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Published on : Saturday, June 18, 2022
At the Al-Hijr Archaeological Site, the impact of development of tourism declared the first UNESCO World Heritage Site of Saudi Arabia in 2008. It has been vital since the 2030 Saudi Vision strategy in 2016 was introduced which placed the sites of heritage tourism as major catalysts in the long-term change of the nation to a post-oil economy.
Going back to the first century BC, Al-Hijr is believed as the sister site to Petra, Jordan. The Nabataean nomadic Arabian tribe had constructed both the sites. However, as Petra has turned out to be one of the most popular tourist destinations in Middle East, Al-Hijr stayed on the margin, mainly because of the stringent regulations of Saudi Arabia on foreign arrivals that in recent times expanded outside religious or business travelers.
At present, Al-Hijr is being aimed as new international tourism activity. As the UNESCO listing assisted in fostering the support of local community for tourism because of the new financial opportunities, the proposed development has caused many concerns on the local front, including anxiety on ‘cultural erosion’.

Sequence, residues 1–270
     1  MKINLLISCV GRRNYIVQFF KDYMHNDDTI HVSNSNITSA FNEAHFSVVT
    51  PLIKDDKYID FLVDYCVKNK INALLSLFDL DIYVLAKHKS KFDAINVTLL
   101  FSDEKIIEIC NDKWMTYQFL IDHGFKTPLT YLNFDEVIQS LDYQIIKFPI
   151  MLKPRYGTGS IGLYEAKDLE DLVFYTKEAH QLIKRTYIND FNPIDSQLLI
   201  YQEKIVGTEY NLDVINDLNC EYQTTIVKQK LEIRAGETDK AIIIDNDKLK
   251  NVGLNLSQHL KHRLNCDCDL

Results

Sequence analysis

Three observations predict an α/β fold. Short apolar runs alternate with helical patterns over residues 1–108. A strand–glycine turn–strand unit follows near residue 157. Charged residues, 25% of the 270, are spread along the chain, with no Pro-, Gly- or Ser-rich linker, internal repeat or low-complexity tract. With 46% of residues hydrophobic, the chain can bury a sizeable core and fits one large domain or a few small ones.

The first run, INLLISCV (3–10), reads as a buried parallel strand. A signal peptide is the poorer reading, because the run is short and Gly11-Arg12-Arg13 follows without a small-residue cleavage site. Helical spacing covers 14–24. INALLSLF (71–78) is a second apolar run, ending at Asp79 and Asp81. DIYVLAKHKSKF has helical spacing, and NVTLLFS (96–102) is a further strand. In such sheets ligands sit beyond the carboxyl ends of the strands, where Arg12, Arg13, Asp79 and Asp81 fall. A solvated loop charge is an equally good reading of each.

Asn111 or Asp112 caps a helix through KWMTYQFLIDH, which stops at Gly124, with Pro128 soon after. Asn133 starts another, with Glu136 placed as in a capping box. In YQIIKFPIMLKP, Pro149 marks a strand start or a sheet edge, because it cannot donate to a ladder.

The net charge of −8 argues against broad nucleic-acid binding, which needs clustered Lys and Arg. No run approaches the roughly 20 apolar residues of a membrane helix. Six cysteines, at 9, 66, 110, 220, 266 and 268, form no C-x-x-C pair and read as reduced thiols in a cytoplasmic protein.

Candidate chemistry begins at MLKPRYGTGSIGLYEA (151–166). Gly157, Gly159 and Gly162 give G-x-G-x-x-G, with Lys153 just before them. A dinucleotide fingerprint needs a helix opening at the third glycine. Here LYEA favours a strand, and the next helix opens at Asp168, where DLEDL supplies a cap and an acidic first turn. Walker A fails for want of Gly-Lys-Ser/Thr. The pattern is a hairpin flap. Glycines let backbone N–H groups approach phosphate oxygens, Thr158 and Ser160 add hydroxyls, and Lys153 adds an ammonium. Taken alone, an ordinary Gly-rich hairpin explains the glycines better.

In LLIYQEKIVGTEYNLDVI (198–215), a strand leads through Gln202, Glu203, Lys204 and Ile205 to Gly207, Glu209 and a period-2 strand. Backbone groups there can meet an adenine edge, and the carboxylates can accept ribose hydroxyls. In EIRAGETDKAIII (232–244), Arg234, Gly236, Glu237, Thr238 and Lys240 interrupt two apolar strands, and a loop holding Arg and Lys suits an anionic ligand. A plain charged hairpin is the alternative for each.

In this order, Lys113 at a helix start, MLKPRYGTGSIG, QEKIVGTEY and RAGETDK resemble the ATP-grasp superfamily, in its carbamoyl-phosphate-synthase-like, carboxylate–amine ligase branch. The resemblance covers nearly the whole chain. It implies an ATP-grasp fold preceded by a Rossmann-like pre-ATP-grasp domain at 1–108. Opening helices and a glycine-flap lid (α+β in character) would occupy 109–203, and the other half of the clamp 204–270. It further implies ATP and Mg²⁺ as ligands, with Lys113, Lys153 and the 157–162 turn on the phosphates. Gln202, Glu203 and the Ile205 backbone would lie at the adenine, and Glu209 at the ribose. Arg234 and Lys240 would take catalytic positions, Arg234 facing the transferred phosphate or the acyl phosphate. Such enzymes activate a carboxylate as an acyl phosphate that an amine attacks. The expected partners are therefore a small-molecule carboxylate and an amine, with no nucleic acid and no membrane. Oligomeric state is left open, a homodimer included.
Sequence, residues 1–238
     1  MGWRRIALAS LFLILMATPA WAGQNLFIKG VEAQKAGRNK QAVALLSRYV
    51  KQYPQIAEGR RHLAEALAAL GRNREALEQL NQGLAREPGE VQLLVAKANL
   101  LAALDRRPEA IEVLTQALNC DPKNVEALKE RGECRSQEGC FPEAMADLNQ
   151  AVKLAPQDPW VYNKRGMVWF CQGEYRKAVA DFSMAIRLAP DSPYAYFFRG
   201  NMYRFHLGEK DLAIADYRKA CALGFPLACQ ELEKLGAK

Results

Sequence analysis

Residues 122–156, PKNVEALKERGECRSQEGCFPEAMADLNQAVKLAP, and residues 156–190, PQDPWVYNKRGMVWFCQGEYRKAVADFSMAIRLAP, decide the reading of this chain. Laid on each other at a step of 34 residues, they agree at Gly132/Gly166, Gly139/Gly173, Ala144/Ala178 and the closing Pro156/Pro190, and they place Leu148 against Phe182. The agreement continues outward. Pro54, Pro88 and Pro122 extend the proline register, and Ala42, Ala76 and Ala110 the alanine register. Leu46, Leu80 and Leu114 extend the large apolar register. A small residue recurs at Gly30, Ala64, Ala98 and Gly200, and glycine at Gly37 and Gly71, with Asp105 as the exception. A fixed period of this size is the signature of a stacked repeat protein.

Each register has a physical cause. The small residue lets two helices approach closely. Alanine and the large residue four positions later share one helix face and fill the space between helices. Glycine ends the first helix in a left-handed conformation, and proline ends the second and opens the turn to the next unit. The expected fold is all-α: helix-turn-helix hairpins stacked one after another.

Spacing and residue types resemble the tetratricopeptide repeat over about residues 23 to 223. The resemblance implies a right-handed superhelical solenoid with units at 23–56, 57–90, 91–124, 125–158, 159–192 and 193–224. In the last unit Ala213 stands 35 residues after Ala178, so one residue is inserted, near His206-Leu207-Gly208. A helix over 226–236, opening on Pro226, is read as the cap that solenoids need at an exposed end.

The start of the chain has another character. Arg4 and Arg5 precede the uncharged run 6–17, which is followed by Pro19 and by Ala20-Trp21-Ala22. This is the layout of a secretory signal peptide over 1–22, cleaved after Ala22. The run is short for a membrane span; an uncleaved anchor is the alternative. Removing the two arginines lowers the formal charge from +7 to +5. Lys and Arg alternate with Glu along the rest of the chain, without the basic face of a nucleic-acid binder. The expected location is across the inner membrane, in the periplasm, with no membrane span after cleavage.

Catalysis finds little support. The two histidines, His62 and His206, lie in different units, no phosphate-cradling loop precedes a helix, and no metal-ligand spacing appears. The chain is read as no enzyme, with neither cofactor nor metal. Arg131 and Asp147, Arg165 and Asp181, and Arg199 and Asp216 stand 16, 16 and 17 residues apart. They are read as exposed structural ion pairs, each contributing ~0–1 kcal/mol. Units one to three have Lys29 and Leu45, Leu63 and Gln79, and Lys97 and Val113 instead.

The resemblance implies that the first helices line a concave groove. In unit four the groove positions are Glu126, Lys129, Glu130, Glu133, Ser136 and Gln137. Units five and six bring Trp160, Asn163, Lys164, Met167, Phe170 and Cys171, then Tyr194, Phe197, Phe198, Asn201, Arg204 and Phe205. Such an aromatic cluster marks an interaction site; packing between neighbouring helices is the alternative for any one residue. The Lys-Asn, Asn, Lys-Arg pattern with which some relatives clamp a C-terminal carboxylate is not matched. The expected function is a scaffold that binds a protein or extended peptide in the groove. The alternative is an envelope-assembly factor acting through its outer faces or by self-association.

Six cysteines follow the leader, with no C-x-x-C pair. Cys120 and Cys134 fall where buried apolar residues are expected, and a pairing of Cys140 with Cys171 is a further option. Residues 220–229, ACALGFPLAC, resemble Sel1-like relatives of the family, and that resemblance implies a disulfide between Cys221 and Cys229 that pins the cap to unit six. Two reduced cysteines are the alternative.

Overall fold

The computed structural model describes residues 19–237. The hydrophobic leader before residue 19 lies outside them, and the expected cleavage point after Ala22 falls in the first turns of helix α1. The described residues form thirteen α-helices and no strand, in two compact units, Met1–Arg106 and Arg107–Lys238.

By recognizing the local stakeholder standpoints on Al-Hijr’s embryonic tourism development, Abdulmohsen Alahmadi, research project lead, believes that the study can offer precious recommendations to alleviate rising anxiousness among the local communities.
Mr. Alahmadi said that it was often disagreed that the development and the speed of tourism could lead to ‘irreversible changes’ to the customs and traditions of communities.